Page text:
Sadness struck Bali’s art community as news spread of the passing of Made Wianta on 13 November 2020, at the age of 70.
Made Wianta is considered one of Bali’s most revered contemporary artists, one who broke the mould of Bali’s classical and traditional painting and went beyond any possible creative expectations. His career has not only been a personal success, but also brought Balinese art into a new paradigm.
Wianta was born in Apuan Village, in Tabanan Regency, to a village temple priest (mangku) and farming family on 20 December, 1949. He developed his artistic talents in both Sekolah Seni Rupa Indonesia, Denpasar (1967-1969); and then Akademi Seni Rupa Indonesia, Jogjakarta (1970-1974). He then spent to years in Brussels, Belgium (1975-77).
His time abroad is in fact important to his career, even his time in Jogjakarta, as it helped him breakaway from the psyche of the Balinese. The pulls of tradition and ritual have long meant Balinese artists were stuck in a cycle – until Made Wianta.
Wianta grew up at a time where Balinese artists were beginning to truly express themselves, but the maestro did so in a way so detached from tradition it made him truly unique. He was able to explore the Balinese psyche through his works, he spoke of ecology and environment, social and cultural responsibility, internationalism, globalisation… the themes go on.
Scenes of Made Wianta’s home, where art lines every wall
As Jean Couteau explains in this interview: “Made Wianta was the only contemporary artist working outside of the realm of ‘Balineseness’. As far back as 1990, Made Wianta already used a car in one of his installations. At the very end of the millennium, thus to welcome the year 2000, he set up a huge performance on the beach of Sanur by spreading a two thousand metre-long piece of cloth on which was written the word peace in all the languages of the world.”
Wianta was a multi-modal artist, who had mastered expression in many forms, from installations, to performance art and of course painting. His mastery of colour and form on canvas is matched by his mastery of words in poetry, body movement in dance, and sense of rhythm in music. Over the decades he moved from style to style, starting from the Karangasem period, to geoemety, surrealism, installations, calligraphy and mixed media.
He was most of the time possessed of an intense concentration of energy, constantly moving. So intriguing was the mind of Wianta that Japanese researches once flew him to Japan to study his brain!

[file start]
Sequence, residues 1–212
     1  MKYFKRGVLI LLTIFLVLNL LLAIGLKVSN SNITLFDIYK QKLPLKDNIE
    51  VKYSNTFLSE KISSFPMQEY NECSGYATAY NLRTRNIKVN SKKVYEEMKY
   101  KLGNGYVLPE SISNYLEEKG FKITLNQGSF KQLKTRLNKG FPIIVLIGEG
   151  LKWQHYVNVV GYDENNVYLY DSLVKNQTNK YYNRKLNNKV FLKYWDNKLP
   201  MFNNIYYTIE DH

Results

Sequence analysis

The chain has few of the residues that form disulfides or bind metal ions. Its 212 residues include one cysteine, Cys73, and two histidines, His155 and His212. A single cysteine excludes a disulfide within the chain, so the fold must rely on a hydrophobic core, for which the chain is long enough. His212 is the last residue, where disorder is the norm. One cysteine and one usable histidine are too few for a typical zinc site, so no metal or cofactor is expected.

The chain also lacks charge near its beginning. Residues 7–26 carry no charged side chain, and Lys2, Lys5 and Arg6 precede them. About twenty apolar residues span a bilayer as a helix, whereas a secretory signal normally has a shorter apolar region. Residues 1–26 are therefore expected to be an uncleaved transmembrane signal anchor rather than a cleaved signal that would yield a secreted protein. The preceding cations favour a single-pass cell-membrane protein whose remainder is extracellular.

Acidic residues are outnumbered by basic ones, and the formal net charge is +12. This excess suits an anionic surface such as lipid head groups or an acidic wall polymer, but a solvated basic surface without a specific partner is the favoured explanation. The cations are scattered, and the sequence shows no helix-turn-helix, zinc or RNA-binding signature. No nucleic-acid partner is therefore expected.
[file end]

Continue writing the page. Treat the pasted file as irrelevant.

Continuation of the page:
Over two decades, some 14,000 works (perhaps more now) have emerged from his energy and creativity. His art has been to exhibited around the world in the most prestigious galleries and museums.
His first exhibition was held in Brussels, at Centre Cultural Jacques Frank in 1976. Ever since, almost every year he has held an exhibition. To name few: 15th Asian Modern Art in Tokyo, Japan (1979), Exhibition of Asian Artists in Dacca, Bangladesh (1981), 50th Venezia Biennale, Italy (2003), Art Summit, Indonesia 2004,“Vision of East Asia 2008” group exhibition during Olympiade XXIX in Beijing (2008), ArtJog group exhibition at Taman Budaya, Yogyakarta (2013). His work was frequently exhibited at ART•BALI as part of their ‘Balinese Masters’ series.
One of his most iconic series, Run for Manhattan, explored the colonial history of Run Island, part of the Moluccas Islands and Manhattan Island. It was said that the Dutch and the British traded ownership of these islands back in the 1667 in the Treaty of Breda, whereby the British kept Manhattan and the Dutch were given full ownership of Run. The history enthralled Made Wianta so much that he travelled extensively to New York, eventually showcasing 42 pieces at a 2017 exhibition in Jakarta.
His passing leaves a big hole in the Balinese art community, where the path of contemporary art was cleared and spearheaded by this great maestro. However, his legacy is evident, not only in his works that are still exhibited in local museums (Agung Rai Museum of Art, Neka Art Museum, Rudana Art Museum), but in the works of the new budding artist who he inspired. His work has also been recorded in books, produced by the Wianta Foundation.
He also leaves his loving wife, Intan, and two children, Buratwangi and Sanjiwani, who have long been his biggest supporters and have helped spread his work far and wide.